During his remarks at Monday’s changing of the guard, Supervisor Bob Elliott looked back on his year as chairman of the San Joaquin County Board of Supervisors. He also submitted an Op-Ed piece to The Record that went into further detail.
While serving as Chairman of the San Joaquin County Board of Supervisors this past year, I’ve witnessed many challenges facing our region, as well as tremendous progress and significant achievements. The Board has taken numerous actions over the past year to set San Joaquin County on an exciting path toward continuing financial stability, cutting-edge innovation, and becoming a magnet for economic development and new jobs.
First and foremost, the County’s financial affairs are in order. We achieved a structurally balanced budget for the first time in the past six years. We partially restored the County’s reserve and capital improvement funds by returning $17.4 million to those accounts. We owe it to our taxpayers to manage their money responsibly, and I’m proud to have helped achieve that goal with our 2014-15 budget.
While bringing our financial house under control, we have also worked diligently to become a regional hub for economic development and job creation. Recent activities indicative of improvements in economic opportunities include:
- Docking of the Google Barge at the Port of Stockton;
- Expansion of the Amazon fulfillment center in Tracy to recruit 200 additional employees;
- Tesla’s announcement of a 431,000 square-foot advanced manufacturing facility in Lathrop;
- Groundbreaking for a 1 million square-foot facility at Cordes Ranch in Tracy for Prologis Inc., a global leader in industrial real estate;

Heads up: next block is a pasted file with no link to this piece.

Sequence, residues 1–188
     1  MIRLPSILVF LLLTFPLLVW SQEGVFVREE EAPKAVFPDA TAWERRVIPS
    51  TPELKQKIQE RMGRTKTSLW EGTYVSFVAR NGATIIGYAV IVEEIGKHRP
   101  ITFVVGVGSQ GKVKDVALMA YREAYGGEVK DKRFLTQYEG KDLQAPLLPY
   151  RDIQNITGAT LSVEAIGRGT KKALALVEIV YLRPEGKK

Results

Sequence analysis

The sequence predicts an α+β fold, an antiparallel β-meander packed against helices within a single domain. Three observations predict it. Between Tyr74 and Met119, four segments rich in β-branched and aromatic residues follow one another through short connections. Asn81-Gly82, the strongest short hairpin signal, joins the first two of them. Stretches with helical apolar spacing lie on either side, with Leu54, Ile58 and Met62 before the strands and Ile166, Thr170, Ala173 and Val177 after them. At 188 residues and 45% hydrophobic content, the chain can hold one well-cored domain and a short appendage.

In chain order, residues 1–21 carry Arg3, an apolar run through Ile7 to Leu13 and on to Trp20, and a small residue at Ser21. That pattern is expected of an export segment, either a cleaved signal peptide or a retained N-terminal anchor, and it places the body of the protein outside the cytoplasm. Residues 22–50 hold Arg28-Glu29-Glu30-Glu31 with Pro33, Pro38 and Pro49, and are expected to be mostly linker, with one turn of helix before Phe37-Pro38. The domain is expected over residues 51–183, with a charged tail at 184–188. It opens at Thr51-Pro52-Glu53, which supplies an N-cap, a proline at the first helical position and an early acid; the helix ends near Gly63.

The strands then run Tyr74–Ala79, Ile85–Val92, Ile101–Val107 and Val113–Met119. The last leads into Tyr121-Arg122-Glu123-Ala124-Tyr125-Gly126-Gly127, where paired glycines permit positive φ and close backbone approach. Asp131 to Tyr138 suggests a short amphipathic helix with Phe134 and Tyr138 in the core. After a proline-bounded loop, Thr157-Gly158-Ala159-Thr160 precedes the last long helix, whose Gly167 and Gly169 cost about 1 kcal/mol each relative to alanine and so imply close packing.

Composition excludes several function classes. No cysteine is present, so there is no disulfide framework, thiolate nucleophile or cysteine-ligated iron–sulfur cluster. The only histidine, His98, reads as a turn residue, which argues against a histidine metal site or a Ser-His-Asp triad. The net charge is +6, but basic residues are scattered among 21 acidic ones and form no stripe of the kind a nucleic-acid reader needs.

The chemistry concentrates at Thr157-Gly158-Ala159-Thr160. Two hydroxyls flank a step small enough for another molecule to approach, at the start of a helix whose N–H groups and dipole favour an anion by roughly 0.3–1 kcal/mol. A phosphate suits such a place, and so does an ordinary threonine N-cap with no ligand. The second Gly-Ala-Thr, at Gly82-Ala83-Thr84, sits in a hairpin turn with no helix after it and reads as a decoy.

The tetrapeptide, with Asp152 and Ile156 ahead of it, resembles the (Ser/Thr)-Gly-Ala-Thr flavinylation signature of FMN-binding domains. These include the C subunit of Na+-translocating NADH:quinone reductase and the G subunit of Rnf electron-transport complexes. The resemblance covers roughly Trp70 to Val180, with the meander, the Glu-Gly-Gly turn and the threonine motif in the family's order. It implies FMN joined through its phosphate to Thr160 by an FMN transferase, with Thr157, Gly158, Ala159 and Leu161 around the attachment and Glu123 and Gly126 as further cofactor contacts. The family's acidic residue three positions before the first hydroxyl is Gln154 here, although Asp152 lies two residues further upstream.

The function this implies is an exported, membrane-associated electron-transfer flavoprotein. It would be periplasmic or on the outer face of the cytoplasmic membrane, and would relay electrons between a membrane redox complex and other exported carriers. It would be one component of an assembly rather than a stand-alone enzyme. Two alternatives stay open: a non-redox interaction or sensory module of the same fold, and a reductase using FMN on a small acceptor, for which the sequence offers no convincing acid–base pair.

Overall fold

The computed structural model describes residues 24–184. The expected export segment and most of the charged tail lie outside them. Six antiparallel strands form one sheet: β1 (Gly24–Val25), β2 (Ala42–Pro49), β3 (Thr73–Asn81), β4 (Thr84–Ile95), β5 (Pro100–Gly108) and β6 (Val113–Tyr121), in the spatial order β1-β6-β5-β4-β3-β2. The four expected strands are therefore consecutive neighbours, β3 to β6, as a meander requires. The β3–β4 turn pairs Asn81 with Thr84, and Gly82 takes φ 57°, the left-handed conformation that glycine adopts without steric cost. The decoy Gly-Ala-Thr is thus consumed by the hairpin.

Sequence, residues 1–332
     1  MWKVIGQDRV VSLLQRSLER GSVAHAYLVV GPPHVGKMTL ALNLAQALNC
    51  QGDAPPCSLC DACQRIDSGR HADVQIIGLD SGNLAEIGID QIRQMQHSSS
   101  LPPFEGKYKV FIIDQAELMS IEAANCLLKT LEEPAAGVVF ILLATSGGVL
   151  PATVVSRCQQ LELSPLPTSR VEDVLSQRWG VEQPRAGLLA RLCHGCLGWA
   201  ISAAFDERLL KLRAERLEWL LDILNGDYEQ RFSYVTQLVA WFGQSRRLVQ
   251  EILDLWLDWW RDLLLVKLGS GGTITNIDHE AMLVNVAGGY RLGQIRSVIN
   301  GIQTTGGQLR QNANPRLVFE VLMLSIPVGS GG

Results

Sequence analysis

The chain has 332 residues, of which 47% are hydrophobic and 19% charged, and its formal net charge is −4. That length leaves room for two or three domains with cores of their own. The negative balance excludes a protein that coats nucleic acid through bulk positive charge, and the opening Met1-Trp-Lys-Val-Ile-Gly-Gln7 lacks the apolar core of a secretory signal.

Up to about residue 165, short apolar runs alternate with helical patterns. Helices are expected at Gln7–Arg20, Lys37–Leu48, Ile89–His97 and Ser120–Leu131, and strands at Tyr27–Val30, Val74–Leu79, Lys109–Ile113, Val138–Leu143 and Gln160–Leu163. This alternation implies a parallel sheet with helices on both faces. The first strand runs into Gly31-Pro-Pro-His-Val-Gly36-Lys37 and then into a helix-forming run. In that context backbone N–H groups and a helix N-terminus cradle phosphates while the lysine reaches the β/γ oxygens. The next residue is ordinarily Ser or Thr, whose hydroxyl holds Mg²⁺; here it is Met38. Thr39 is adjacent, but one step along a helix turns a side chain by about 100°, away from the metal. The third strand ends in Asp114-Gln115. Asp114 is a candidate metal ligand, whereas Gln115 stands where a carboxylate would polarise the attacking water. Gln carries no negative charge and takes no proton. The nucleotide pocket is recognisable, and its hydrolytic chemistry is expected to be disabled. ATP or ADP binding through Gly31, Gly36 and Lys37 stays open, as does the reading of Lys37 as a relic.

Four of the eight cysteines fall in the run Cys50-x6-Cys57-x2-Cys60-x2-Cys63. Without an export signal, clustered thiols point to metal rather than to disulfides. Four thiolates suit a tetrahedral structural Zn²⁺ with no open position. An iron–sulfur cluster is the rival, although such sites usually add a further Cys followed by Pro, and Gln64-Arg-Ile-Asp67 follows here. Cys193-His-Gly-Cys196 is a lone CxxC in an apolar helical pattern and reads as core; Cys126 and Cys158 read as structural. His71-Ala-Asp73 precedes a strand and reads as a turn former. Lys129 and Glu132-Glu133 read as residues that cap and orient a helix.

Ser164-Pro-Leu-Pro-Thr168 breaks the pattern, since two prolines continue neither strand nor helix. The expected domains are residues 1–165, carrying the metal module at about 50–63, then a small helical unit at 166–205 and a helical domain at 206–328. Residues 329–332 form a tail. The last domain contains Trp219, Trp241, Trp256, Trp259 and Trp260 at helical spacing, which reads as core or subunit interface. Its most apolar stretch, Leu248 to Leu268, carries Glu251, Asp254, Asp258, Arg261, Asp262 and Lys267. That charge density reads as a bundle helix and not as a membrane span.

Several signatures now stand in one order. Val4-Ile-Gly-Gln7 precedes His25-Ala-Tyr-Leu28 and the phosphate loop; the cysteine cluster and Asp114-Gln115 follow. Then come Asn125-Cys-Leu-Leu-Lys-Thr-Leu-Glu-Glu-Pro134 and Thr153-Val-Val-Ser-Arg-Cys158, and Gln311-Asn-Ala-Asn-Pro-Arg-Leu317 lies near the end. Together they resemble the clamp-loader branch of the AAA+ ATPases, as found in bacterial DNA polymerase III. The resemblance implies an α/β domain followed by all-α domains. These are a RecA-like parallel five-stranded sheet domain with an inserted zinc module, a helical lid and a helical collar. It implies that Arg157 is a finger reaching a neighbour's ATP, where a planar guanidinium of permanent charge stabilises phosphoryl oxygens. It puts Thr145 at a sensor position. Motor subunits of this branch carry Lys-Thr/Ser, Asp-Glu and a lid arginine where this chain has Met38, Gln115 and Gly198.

- Development progress at River Islands, Austin Road Business Park, Blossom Hill Industrial Park and Mountain House;
- Expansion of services and facilities at Stockton’s Metropolitan Airport, to include adding passenger flights to Phoenix, pursuing options to offer international flights, terminal and runway improvements, and commencing apron reconstruction to accommodate five aircraft rather than one; and
- Expansion of the County’s economic development program that promotes San Joaquin County as “Greater Silicon Valley” to entice expanding companies, as well as entrepreneurs looking to jump-start their businesses, to locate in San Joaquin County.
Another exciting development was the official formation of the Innovation Hub (iHub) San Joaquin program which will promote economic advancements in the County and improve the State’s competitiveness by stimulating partnerships, economic development, and job creation around specific research clusters, such as Health Care, Sustainable Construction, and Agribusiness Technologies.
Regarding the County’s agricultural industry – our number one industry – our 2013 Agricultural Report showed that agriculture had a banner year despite the drought, with gross value of agricultural production reaching another all-time high of nearly $3 billion. We must work closely with the legislature to ensure that this premier industry continues to thrive.